John Fea poses a question well worth considering: “Must an applicant to a Ph.D program have a fully-formed dissertation idea in mind when they apply for admission? I am not referring to a general field of study or even a particular topic within that field of study, I am referring to an actual dissertation topic.”
Never having served on any graduate admission committees, I can’t say whether a locked-in dissertation idea is a credit or a debit on an application. But in terms of going through the process once you’ve been admitted to a program, I can share my experience, for whatever it’s worth.
As I’ve said before, I think the hiatus I took between finishing my master’s and starting a doctoral program has made my Ph.D. experience a lot more enjoyable. Now that I’m in the dissertation stage, I’m even more glad to have had the benefit of that extra time reading and sharpening my research interests.
But I also think a certain malleability is necessary. Your graduate coursework is all about initiation into a guild. You’re learning what historians do, and how other historians have framed questions and figured out ways to answer them. If that doesn’t have an impact on how you frame and answer your questions, then what’s the point of doing coursework?
When I started my doctoral work, I knew I wanted to study Appalachian settlers’ involvement in the American Revolution. I was interested in the centripetal forces that pulled them into the Revolution and the centrifugal forces that pushed them to its margins. I had a topic, and I had some questions I wanted to answer. But I wasn’t yet framing those questions precisely, and I didn’t have a clear plan of attack for finding answers to them. That came later, with a lot of guidance from my adviser, conversations with other professors, and engaging with a lot of historiography in seminars.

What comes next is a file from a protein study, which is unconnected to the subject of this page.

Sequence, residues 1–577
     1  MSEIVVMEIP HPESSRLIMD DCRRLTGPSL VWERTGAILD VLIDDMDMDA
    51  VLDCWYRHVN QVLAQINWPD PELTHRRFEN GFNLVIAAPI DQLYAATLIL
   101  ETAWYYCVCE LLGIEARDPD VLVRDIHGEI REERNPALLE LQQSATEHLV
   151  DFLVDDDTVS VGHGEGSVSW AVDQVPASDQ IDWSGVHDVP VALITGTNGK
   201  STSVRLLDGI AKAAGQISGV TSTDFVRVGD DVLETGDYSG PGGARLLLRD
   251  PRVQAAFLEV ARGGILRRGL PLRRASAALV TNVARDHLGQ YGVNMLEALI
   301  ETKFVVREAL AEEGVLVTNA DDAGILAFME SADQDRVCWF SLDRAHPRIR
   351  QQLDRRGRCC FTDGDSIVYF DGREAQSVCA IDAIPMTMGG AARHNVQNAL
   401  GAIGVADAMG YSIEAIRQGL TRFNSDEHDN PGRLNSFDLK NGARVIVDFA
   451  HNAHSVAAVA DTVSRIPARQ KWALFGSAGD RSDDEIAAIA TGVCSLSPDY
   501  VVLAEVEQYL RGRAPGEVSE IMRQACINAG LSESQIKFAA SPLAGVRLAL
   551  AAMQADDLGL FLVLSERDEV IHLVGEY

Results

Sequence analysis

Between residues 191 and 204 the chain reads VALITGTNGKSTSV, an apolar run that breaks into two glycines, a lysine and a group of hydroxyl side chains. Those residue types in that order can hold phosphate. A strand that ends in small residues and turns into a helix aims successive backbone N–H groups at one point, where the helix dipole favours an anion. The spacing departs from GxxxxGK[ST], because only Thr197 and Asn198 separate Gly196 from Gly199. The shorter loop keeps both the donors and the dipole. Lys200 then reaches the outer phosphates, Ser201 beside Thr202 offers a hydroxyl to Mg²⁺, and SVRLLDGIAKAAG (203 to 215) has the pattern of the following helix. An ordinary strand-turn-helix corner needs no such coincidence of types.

You know that movie The Agony and the Ecstasy, where Charlton Heston plays Michelangelo? There’s a scene near the beginning of the film where these guys are dragging a massive block of marble into Rome. When Michelangelo sees it, he says, “Look! Moses…here in the marble. Moses down from Sinai. God’s anger in his eyes.”
I think one of the things that makes a good doctoral adviser is the ability to look at a student’s interests the way Michelangelo looked at that block of marble. Somewhere in there is a viable research project that can contribute something to the field. You might not be able to see it yet. But a good adviser (and the other members of your committee) will be able to discern its outlines, and will help you figure out where to apply the chisel.